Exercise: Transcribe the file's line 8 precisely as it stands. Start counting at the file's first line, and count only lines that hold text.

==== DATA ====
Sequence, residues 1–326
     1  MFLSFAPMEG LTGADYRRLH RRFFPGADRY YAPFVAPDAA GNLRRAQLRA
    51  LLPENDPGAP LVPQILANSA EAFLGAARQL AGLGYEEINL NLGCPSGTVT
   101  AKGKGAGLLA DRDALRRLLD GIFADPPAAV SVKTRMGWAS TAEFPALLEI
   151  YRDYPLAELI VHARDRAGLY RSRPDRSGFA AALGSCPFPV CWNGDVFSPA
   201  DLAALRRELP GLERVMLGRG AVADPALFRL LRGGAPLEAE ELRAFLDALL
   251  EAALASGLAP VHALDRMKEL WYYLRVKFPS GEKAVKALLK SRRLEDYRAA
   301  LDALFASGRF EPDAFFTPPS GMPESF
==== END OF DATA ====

   301  LDALFASGRF EPDAFFTPPS GMPESF